And the Oscar Goes To… Not a Clue

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Mainstream Chick’s Top Movie Picks of 2019

2019 was a good year for movies. I liked a lot of what I saw, and I saw a lot. 200+ films. Blockbusters, documentaries, foreign films, indies. However, for the first time in several years, I don’t have any runaway favorites. No definitive number ones, twos or threes. It’s more like a 10-way tie for number five that could easily have been a 30-way tie. So take the list (and the order) with a grain of salt, knowing that I enjoyed all these films – and many more – for different reasons at different times depending on my mood and cinematic headspace.

Review: Spider-Man: Far From Home

I’m suffering a bit from early-summer superhero fatigue, so I fully acknowledge that my ailment could account for my less than enthusiastic endorsement of Spider-Man: Far From Home. It’s still an endorsement though. Because no matter my personal angst and anguish over the final moments of Avengers: Endgame, this latest entry in the Marvel Cinematic Universe does a solid job picking up the pieces from Endgame and moving the MCU forward. Spider-Man: Far From Home is an entertaining, somewhat bittersweet sequel that wears two hats: it’s a follow-up to 2017’s Spider-Man: Homecoming reboot (with a youthful Tom Holland swinging into the role full-throttle), as well as to Endgame, which must be seen first to fully appreciate and understand what’s going on in Spider-Man: Far From Home, the 23rd film in the MCU. In Far From Home, our friendly neighborhood Spider-Man from Queens, Peter Parker, is growing weary of the awesome responsibilities that come with global superhero status and is itching to be just a regular teenager again, at least for the summer. But a school trip abroad doesn’t exactly go as planned, and Peter is called upon to step-up, fill the void left by the Avengers shake-up, and help save his classmates – and the world – from a new, monstrous threat.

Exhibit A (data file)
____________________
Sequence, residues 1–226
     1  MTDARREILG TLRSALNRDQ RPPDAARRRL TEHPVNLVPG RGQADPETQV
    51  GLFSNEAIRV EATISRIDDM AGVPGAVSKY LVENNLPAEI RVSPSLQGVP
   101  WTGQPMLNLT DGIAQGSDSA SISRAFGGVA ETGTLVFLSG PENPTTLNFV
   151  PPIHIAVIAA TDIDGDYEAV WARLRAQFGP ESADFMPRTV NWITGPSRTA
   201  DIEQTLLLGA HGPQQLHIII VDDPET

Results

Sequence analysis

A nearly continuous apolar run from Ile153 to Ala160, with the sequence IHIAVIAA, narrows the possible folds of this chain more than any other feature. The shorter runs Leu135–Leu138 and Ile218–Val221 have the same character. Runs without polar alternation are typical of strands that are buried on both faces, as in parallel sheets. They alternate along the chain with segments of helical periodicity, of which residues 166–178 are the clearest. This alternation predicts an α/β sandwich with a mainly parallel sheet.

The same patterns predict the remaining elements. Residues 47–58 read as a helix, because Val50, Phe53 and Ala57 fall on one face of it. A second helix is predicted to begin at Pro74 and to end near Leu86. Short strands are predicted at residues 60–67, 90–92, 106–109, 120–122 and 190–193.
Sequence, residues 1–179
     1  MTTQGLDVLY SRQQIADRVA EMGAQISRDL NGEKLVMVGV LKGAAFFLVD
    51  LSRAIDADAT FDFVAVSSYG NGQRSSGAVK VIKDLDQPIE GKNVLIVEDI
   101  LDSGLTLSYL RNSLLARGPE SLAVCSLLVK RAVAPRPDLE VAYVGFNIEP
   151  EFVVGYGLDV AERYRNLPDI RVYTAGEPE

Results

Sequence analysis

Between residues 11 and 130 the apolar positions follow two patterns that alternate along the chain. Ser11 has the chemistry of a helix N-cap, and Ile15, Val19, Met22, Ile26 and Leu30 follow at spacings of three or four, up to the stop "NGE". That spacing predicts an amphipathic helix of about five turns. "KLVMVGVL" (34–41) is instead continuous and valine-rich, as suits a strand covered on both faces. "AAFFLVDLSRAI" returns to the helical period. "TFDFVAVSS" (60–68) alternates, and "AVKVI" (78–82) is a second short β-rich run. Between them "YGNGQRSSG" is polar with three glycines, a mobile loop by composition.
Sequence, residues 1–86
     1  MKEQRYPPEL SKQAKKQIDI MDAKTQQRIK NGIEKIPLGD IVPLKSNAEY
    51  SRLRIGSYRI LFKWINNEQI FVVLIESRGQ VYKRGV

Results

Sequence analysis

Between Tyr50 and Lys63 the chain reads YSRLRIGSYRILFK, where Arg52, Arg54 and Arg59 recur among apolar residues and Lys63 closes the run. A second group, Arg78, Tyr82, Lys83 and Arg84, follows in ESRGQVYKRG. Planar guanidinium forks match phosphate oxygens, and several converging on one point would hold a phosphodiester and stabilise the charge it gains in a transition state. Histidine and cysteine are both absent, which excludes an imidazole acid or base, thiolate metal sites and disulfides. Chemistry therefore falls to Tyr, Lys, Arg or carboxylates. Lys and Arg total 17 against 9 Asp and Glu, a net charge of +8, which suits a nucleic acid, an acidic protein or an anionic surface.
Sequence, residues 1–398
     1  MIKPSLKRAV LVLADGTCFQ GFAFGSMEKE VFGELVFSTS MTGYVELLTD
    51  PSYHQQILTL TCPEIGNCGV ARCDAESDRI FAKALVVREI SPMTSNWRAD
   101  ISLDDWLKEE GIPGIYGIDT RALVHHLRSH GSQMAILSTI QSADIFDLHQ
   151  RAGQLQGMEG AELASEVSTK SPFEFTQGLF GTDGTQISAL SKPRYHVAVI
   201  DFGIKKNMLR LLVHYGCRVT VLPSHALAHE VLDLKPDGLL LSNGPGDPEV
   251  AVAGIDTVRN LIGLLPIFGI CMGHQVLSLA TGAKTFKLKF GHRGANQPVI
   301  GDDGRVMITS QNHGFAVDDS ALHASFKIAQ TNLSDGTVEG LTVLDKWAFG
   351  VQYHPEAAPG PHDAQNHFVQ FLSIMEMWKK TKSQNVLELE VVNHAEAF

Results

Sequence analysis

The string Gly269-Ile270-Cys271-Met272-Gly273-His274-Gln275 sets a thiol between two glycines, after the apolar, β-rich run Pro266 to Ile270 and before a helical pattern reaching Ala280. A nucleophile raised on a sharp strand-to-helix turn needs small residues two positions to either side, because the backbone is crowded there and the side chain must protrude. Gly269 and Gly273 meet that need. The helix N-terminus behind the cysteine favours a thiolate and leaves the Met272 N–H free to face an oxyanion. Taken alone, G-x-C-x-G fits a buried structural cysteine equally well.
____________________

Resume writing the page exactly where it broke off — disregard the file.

Review of Spider-Man: Homecoming

Ever wonder what a ‘Generation Z’ Peter Parker would be like? If so, look no further than Spider-Man: Homecoming, the latest (reboot? reimagining? prequel? pseudo-origin story?) of your friendly neighborhood superhero (and Avenger in training). As introduced briefly in 2016’s Captain America: Civil War, English actor Tom Holland is the newest, and youngest Spidey to don the suit in what is, in essence, Smallville: the Spider-Man edition (i.e. instead of Tom Welling as a young Clark Kent navigating the challenges of both High School and superheroism on TV, you get Tom Holland as a young Peter Parker navigating the challenges of both High School and superheroism on the big screen). The film certainly provides a fresh and interesting take on the iconic character and his place in the Marvel franchise; I just don’t feel like we needed it. But since we’ve got it anyway, here’s the bottom line: Spider-Man: Homecoming is perfectly entertaining for what it is (a superhero coming-of-age comedy drama action flick) and sets the stage for a Spider-Man for a new generation. Only time will tell if Holland has more web-slinging staying power than his predecessors Tobey Maguire (Spider-Man, Spider-Man 2, Spider-Man 3) and Andrew Garfield (The Amazing Spider-Man, The Amazing Spider-Man 2). Young Spidey’s integration into the Avengers franchise could give him a solid advantage.

Captain America: Civil War